CWCI Study Reveals a Recent Decline in the Use of Opioid Painkillers in California Workers’ Comp

CWCI Study Reveals a Recent Decline in the Use of Opioid Painkillers in California Workers’ Comp

Amid a glaring public spotlight, a growing body of evidence about the repercussions of using major narcotics to treat chronic pain, and improved medical management, cost containment and pharmaceutical controls, the use of Schedule II opioid painkillers to treat injured workers in California has dropped for the first time in a decade, falling from 5.8% of workers’ compensation prescriptions two years ago to 3.4% of the prescriptions in the 4th quarter of 2011 according to a new California Workers’ Compensation Institute (CWCI) study.

CWCI’s study, based on a review of pharmaceutical data from a sample of 9.2 million prescriptions dispensed to California injured workers from 2002 through 2011, confirms results of earlier research that noted the surging use and cost of Schedule II opioid analgesics such as Oxycodone, Morphine, and Fentanyl from 2002 to 2008, and shows that the use of these drugs continued at near record levels for nearly three years after that, eventually peaking in the 2nd quarter of 2010 at 5.8% of all California workers’ comp prescriptions and 19.7% of the prescription payments – nearly five times the proportions noted in 2002. Data updated through 2011, however, indicate a recent downturn, as Schedule II painkillers declined to 3.4% of California workers’ comp prescriptions and 12% of the prescription dollars in the 4th quarter of last year, the lowest levels since 2007.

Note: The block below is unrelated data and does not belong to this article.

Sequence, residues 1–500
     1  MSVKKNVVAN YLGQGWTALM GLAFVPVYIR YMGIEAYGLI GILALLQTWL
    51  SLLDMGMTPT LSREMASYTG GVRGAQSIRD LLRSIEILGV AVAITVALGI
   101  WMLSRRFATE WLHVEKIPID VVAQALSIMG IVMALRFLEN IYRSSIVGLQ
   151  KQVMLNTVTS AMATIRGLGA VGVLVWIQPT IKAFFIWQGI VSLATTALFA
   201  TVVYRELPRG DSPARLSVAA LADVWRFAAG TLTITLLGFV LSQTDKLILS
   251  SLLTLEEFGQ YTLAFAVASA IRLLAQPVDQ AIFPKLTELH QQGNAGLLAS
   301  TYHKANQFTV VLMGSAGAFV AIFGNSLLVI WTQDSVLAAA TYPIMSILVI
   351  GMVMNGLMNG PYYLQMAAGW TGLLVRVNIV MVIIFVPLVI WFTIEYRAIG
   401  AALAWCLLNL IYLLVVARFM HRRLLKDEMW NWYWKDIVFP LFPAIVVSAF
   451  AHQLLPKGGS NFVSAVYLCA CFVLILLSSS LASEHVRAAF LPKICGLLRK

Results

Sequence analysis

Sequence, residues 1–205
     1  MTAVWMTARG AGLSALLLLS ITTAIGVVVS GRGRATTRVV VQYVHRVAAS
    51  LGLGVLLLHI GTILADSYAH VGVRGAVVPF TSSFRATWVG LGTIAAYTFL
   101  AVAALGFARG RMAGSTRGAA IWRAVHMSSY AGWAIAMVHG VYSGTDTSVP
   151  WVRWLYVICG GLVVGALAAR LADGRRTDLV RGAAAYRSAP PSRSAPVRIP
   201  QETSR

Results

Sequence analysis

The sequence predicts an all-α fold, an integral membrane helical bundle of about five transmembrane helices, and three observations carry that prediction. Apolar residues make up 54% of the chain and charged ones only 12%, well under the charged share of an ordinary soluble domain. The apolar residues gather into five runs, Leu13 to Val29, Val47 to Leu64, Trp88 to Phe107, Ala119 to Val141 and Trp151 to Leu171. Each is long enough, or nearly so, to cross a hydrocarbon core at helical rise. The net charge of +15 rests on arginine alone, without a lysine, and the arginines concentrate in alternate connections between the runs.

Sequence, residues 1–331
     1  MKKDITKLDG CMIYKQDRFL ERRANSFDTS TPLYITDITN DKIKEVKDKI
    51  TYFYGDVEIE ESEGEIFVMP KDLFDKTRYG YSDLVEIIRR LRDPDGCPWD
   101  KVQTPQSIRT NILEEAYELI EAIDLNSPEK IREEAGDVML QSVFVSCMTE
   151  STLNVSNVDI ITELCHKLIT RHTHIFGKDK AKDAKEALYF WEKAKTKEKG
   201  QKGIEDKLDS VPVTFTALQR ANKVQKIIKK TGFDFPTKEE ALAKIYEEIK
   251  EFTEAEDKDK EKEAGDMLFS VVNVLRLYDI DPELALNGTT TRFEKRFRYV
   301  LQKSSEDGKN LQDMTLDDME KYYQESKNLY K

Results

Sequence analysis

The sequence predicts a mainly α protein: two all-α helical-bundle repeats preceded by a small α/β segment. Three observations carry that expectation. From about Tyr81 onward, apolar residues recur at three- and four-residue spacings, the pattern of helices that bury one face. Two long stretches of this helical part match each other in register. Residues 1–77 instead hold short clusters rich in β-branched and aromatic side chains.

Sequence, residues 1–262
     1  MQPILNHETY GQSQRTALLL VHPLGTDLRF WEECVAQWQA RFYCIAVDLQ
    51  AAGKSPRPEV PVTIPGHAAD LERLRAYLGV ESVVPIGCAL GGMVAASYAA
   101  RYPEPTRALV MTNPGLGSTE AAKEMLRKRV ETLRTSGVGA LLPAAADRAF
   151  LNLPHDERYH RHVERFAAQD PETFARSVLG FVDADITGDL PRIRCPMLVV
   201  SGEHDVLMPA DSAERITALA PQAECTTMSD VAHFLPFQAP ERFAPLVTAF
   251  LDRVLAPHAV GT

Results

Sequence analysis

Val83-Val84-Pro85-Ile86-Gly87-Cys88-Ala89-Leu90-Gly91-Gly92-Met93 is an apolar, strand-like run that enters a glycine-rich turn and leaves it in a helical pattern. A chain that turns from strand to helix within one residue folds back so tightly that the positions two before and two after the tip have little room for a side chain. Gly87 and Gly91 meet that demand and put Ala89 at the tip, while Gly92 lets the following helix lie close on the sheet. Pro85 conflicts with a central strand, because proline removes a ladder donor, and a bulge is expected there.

According to the authors of the study, the recent decline in Schedule II opioids was not associated with any specific statutory or regulatory changes addressing the use of opioids in workers’ comp, suggesting that the reduction may reflect increased efforts by workers’ comp payers to modify medical cost containment oversight and tighten controls over the use of Schedule II opioids, as well as increased public awareness of the risks associated with these drugs, which may have contributed to a sentinel effect, making doctors and their patients more cautious about using these drugs, and perhaps more willing to seek alternatives for managing pain. Notably, the study found that while Schedule II opioids have represented a declining share of California workers’ comp prescriptions and prescription dollars since the end of 2010, more widely used Schedule III painkillers such as Vicodin, which the FDA says are also addictive but have less potential for abuse, have held steady at about 20% of the prescriptions and 11 to 12% of the payments.

CWCI has issued its study in a Research Update report, Changes in Schedule II & Schedule III Opioid Prescriptions and Payments in California Workers’ Compensation, which is posted on the Institute’s website at www.cwci.org. CWCI members and research subscribers may also log onto the website for a summary Bulletin.